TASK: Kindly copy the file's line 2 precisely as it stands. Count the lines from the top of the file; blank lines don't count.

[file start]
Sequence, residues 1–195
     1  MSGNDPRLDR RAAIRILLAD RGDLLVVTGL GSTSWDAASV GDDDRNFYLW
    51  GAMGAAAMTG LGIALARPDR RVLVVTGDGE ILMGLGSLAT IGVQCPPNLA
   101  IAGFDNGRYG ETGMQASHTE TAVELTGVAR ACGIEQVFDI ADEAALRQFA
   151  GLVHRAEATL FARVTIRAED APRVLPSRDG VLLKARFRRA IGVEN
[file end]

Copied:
     1  MSGNDPRLDR RAAIRILLAD RGDLLVVTGL GSTSWDAASV GDDDRNFYLW